FIG. 1 also illustrates patch logic interface 180, which provides access to the programmable delay circuitry 139 via the CR 175. The interface 180 includes decode logic to decode commands received from a microcode patch for programming and reading the register(s) of the delay circuitry 139. Similar to the DAT control circuitry 172, the patch logic interface 180 allows the settings of the delay register to be changed by writing to the CR 175.

FIG. 2 is a block diagram of a programmable multiple-bit register according to one embodiment of the present invention. According to one implementation, register 200 of FIG. 2 is one of the multiple-bit registers of delay circuitry 139. As illustrated, the register 200 includes x cells 205, y cells 210, and z cells 215, with each cell being capable of storing one bit. According to one implementation, x is equal to 37, y is equal to 4, and z is equal to 87, so the register 200 is a 128-bit register. It should be noted that the number of cells in each of the cell groups 205, 210 and 215 can be changed (e.g., by the via programming of the chip).

In the illustrated embodiment, the cells of register 200 are illustrated as being in column pitch (that is, a column of cells). According to alternate embodiments, the cells are laid out in any of a wide variety of conventional configurations. Also in the illustrated embodiment, the cells of register 200 are illustrated as being SRAM cells. However, according to alternate embodiments, different types of memory cells can be used.

Multiple select lines 207 (also referred to as “word lines”) are input to the register 200 with one word line 207 corresponding to each cell of the register 200. Any one of the cells 205, 210, and 215 can be selected for programming by enabling the corresponding word line 207. The value to be programmed in the cell is placed on a bit line 211 and the inverse of the value to be programmed in the cell is placed on a bit# line 212 as a result of write pulse 148 being asserted and valid data present on 109. The bit line 211 and the bit# line 212 is input to each of the cells 205, 210, and 215. Thus, a particular value can be written to any of the cells by placing the particular value on the bit line 211, the inverse of the particular value on the bit# line 212, and then asserting the word line 207 and write pulse 148 for the cell that is to be programmed.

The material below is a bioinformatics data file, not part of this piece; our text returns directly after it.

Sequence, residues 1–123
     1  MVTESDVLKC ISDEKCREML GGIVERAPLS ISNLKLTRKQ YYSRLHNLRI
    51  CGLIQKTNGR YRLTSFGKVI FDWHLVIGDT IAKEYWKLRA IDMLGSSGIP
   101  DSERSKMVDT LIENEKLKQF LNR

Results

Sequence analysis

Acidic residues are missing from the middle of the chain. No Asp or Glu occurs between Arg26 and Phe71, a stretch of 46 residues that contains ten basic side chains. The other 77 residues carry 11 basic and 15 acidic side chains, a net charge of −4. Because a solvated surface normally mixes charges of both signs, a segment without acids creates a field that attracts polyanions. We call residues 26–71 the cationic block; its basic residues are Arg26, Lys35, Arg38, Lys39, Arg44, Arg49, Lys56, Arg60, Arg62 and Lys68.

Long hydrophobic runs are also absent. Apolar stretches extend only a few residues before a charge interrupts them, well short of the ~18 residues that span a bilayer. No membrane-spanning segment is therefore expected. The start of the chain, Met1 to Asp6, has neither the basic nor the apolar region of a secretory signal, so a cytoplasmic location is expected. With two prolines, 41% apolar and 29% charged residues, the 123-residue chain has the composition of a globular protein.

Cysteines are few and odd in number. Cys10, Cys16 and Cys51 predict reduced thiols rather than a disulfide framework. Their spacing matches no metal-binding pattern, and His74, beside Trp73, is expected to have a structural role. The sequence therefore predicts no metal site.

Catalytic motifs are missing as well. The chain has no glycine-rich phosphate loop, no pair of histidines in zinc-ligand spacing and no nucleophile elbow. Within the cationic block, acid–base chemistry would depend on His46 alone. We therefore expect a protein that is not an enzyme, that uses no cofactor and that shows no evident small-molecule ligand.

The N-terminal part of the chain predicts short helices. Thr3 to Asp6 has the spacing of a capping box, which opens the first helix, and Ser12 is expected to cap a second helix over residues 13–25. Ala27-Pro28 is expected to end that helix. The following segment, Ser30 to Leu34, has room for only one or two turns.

The cells 205, 210, and 215 receive an input signal 225, which can be any one of the SAEN′ signal 130, the SAOS′ signal 133, or the write pulse′ signal 136 of FIG. 1. An output signal 230 from the register 200 rises and falls tracking the rising and falling of the input signal 225 provided to the register 200. However, the output signal 230 is delayed by a period of time which is dependent on the programming of the register 200.

Additionally, the register 200 can be read from in a conventional manner in order to ascertain the current settings of the register 200. As discussed above, this reading is done on a single-bit basis. In order to read from a particular cell, the appropriate select lines 207 are asserted to identify the particular cell, with the bit line 211 and bit# line 212 providing the output data (that is, the value stored in the cell).

FIG. 3 is a diagram illustrating a cell of the register 200 according to one embodiment of the present invention. As discussed above, the value to be programmed in the cell is placed on a bit line 211 and the inverse of the value to be programmed in the cell is placed on a bit# line 212. Upon enabling the word line 207, the value to be programmed in the cell is input to the cell, with a node 317 (n1) being at the programmed value and a node 319 (n2) being at the inverse of the programmed value.

As can be seen in FIG. 3, programming the cell 300 to the logical value of one causes the node 317 to have a value of one, thereby causing the transistor 321 to turn on. When the clock signal 337 is at a low level (clock signal 337 is a version of the clock signal 187 of FIG. 1 in phase with and earlier than input signal 225), the transistor 339 is turned on, causing the output signal 230 to be at a high level. However, when the input signal 225 transitions to a high level, the transistor 323 turns on, and when the clock signal 337 transitions to a high level, the transistor 335 turns on and the transistor 339 turns off. Transistors 321, 323, and 335 being on causes the output signal 230 to transition to a low level. It is to be appreciated that the greater the number of cells 300 which are programmed to the value of one, the greater the number of cells that are working to transition the output signal 230 to a low level when the input signal 225 transitions to a high level. Thus, the delay between the rise of the input signal 225 and the fall of output signal 230 is smaller as the number of cells which are programmed to the value of one increases.

Similarly, when the clock signal 337 transitions to a low level, the transistor 339 turns on and the transistor 335 turns off. Thus, the output 230 is connected to Vcc rather than ground. If the transistor 321 is turned on, then the cell 300 causes the output signal 230 to transition to a high level. The output 230 can also be precharged via additional, stronger, precharge circuitry (not shown).